A few people gathered on Monday evening to pray on the eve of the election. We gathered in the sanctuary lit by the Paschal (Christ) Candle and offered Evening Prayer along with suitable prayers for our nation, for an election, and for peace from the Book of Common Prayer.

As of this writing, the election results are not yet in. Regardless of who your candidate was or the outcome of the voting, this election season has been highly divisive and emotionally charged. Our task that lies ahead is to help bring healing and love by bringing people together through the sharing of the Good News of our Gospel.

Please pray with me:
Almighty God, you proclaim your truth in every age by many voices: Direct, in our time, we pray, those who speak where many listen and write what many read; that they may do their part in making the heart of this people wise, its mind sound, and its will righteous; to the honor of Jesus Christ our Lord. Amen. 827, from the Book of Common Prayer

God's love to you all! Fr. Frank

November 2, 2016, 12:00 PM

A word at mid-week, 11/2

Welcome to mid-week!

Sunday's Gospel brought us Zaccheaus up in the sycamore tree. What at first might appear a bit like a farce about repentance and salvation, actually challenges some of our most cherished assumptions about God's character.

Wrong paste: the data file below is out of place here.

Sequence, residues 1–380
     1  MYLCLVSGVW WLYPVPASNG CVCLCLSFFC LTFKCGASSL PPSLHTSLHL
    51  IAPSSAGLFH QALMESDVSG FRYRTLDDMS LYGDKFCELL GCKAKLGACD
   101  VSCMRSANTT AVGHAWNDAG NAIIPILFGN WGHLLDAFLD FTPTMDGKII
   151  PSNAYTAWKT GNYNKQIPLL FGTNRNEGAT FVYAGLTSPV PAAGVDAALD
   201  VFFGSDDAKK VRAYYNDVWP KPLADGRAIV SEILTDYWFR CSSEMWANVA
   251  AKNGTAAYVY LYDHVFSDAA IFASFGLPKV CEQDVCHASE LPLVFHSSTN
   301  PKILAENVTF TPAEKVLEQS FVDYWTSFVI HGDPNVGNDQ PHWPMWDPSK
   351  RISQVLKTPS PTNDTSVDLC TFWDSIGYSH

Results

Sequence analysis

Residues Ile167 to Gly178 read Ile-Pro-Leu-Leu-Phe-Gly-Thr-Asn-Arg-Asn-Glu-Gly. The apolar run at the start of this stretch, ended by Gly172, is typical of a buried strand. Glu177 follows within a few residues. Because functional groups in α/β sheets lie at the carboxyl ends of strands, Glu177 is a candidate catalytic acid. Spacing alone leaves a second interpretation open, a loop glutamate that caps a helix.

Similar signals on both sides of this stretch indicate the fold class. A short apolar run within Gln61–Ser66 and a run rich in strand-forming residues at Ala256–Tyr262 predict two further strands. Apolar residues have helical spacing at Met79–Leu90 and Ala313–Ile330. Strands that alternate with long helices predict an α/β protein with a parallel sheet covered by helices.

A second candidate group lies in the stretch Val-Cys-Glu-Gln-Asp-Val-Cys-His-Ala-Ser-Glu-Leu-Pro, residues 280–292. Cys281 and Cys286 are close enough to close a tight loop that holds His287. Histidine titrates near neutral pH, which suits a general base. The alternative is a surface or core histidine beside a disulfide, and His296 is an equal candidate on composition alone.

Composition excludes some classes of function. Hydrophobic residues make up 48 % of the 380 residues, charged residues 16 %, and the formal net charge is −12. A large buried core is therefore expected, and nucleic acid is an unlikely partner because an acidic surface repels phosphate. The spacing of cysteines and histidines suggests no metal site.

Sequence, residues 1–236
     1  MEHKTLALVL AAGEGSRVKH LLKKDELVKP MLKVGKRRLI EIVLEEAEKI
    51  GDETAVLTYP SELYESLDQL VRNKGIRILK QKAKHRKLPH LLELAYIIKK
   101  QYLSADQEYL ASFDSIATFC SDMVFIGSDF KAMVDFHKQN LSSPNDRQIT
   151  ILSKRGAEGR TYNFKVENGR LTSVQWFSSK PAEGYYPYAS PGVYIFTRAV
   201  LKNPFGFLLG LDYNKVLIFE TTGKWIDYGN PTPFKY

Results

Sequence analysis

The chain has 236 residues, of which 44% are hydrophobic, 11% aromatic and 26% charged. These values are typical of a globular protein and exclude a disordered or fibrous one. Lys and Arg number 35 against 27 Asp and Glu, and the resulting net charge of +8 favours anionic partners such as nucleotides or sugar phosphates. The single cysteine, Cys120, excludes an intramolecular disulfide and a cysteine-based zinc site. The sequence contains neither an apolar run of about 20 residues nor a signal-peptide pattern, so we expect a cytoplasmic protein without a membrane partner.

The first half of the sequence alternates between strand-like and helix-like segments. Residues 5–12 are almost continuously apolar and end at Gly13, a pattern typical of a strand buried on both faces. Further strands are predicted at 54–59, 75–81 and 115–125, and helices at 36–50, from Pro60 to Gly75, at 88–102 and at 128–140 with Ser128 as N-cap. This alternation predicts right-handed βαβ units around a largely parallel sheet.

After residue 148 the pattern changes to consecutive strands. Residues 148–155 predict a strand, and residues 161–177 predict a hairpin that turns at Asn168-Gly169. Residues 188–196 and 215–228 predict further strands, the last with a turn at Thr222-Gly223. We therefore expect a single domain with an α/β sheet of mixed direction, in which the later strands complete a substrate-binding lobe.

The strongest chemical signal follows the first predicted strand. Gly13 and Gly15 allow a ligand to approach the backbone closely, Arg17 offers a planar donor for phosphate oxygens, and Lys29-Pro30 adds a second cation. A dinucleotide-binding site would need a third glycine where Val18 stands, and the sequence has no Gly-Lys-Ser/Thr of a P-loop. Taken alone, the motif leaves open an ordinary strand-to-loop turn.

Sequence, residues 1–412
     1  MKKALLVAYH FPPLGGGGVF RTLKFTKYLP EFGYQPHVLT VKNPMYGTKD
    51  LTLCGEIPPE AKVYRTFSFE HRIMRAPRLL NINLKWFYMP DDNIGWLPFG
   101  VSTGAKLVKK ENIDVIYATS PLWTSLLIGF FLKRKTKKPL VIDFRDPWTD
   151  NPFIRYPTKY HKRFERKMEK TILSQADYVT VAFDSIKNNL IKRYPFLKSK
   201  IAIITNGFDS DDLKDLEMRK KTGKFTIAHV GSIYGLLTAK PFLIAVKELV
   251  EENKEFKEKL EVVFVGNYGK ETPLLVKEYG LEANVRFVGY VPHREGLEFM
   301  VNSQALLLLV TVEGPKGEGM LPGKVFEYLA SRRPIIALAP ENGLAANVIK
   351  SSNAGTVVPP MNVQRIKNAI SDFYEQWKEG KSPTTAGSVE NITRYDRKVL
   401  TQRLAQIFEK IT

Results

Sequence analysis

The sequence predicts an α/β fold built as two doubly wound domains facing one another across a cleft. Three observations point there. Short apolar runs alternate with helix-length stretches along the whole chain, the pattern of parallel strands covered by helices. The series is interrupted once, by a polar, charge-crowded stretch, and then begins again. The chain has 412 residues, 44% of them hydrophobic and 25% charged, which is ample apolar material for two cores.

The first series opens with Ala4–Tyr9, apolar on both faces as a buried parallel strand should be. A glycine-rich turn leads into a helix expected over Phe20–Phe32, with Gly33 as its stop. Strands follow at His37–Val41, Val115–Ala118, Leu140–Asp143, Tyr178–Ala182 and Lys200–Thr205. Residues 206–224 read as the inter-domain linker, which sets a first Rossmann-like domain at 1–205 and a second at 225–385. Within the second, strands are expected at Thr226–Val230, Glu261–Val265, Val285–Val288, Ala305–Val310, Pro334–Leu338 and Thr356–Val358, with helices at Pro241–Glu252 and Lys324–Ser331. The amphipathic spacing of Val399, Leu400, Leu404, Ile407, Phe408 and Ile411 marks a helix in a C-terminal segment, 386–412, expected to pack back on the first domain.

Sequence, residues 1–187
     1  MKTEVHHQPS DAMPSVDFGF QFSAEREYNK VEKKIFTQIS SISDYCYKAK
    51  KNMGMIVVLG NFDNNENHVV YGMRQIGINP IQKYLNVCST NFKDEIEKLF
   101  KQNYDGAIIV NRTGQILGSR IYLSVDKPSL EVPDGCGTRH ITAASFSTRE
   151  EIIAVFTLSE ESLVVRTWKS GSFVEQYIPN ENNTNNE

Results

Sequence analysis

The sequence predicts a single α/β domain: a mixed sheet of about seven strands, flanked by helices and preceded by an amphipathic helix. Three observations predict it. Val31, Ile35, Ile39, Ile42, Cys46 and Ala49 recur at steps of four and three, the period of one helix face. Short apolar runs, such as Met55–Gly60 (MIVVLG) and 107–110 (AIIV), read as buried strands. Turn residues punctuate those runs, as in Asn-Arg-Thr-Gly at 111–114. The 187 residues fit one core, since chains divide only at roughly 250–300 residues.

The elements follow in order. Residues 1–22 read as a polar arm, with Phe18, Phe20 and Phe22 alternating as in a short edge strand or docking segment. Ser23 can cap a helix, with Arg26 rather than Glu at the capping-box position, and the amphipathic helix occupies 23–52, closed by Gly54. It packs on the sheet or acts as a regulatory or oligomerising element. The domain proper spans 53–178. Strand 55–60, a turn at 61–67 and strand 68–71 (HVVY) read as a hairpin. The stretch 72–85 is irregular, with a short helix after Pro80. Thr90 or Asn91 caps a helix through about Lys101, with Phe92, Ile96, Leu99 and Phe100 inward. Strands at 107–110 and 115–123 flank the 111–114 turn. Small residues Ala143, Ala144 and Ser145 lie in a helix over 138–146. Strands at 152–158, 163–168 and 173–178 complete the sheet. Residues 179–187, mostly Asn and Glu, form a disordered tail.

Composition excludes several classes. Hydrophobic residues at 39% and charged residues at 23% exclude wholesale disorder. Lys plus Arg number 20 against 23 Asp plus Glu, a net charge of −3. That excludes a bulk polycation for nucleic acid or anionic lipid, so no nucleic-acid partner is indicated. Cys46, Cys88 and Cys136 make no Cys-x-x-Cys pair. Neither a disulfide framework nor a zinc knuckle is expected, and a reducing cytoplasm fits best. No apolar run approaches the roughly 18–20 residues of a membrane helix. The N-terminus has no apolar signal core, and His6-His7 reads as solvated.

Throughout Luke's Gospel, in story after story we see Jesus meeting all kinds of people from all walks of life. And, he meets them where they are. He comes to them - makes the fist move to come close - and lives are transformed.  

In the story about meeting Zaccheaus, we learn that the word comes to us; that Jesus comes to us. So many times we want to focus on Zaccheaus and his actions, but it seems to me that one of the most - if not THE most important parts of the story is this theme that Jesus meets us where we are. And, this is a wonderful image of grace that God is always coming to us first. God is always making the move toward us first. God is always widening the circle to include others and that is the gift of grace that God calls us and says, "come!"